With the celebration of New Year’s Eve now a memory, there was the concern that citizens would celebrate by shooting off their guns in the neighborhood at the stroke of midnight. That was the case in Gary, Ind., where city officials – mirroring other cities – reminded residents of gun dangers throughout late December.
But law enforcement in the northern Indiana town went further. Gary police temporarily extended its existing ShotSpotter Gunshot Location System to reach areas previously not covered to bulk up the protection for New Year’s Eve. During the holiday, 16 sensors, ten of them mobile and six temporarily installed in fixed locations, were added to the existing system linked into dispatch. Officers wore the mobile sensors on their uniforms as they canvassed parts of the city, while other sensors were mounted in squad cars. A police van equipped with the visual feedback data from the sensors and dispatch equipment served as the mobile tactical command center. This command center also had the added benefit of tracking capability, so dispatchers could see not only the gunfire on screen, but also the position of all officers. Dispatch could easily tell those officers closest to the incident where to respond.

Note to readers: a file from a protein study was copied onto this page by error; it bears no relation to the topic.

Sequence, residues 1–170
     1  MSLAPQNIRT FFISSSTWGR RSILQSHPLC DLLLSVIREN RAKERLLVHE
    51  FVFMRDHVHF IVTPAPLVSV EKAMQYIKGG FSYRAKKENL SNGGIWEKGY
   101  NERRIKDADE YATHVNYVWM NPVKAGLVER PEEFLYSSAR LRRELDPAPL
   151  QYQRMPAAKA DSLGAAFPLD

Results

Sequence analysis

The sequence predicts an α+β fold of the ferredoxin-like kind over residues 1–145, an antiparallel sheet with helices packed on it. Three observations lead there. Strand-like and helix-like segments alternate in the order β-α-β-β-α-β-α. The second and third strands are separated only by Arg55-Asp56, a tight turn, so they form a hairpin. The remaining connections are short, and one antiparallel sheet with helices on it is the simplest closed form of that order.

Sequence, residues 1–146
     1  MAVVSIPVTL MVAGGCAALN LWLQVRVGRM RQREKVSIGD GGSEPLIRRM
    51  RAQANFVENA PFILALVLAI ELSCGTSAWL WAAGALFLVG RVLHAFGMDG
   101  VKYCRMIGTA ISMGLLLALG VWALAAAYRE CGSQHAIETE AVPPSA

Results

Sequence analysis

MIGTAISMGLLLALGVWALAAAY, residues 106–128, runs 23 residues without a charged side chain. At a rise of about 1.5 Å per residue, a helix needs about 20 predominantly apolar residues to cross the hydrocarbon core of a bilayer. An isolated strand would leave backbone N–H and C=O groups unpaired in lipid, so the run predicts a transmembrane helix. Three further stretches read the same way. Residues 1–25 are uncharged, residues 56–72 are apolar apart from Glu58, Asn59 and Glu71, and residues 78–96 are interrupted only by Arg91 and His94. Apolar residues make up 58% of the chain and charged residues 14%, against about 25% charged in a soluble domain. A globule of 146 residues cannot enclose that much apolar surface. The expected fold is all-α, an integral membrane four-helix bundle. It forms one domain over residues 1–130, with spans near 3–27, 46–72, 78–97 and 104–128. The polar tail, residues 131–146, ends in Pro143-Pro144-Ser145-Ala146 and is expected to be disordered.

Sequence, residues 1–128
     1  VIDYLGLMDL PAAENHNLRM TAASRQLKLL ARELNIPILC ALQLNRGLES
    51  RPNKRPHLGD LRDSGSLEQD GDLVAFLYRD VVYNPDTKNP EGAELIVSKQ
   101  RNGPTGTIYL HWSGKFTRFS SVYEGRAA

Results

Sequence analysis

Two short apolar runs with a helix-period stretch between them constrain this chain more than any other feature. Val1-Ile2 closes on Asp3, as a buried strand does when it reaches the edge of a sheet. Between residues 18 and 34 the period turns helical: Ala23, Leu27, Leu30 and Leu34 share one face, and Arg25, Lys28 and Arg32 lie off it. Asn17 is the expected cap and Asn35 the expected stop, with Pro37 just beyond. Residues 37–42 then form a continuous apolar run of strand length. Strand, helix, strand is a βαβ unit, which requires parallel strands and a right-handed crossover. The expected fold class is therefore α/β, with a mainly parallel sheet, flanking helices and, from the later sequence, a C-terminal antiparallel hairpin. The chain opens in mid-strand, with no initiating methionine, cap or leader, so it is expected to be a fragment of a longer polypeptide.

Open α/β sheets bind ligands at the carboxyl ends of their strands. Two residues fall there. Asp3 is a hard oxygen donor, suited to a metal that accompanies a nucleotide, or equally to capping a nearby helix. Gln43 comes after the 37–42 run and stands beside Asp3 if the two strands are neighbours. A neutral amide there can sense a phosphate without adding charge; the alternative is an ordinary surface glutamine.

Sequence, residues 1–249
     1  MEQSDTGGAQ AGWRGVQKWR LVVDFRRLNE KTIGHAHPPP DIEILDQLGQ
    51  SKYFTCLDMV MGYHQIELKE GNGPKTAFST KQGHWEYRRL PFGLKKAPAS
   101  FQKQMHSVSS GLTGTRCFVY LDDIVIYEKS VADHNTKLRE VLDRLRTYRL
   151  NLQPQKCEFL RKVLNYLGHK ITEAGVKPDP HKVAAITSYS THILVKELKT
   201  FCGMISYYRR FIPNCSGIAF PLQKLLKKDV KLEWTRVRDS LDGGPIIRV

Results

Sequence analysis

In California, East Palo Alto police say gunfire detection system working well. A year after it became the first U.S. municipality to get a citywide gunfire detection system, the police chief and other department leaders say the technology has helped officers arrive at shooting scenes more quickly, aided in computer-assisted crime trend analyses, and contributed to a roughly 20 percent drop in firearm assaults from a year ago.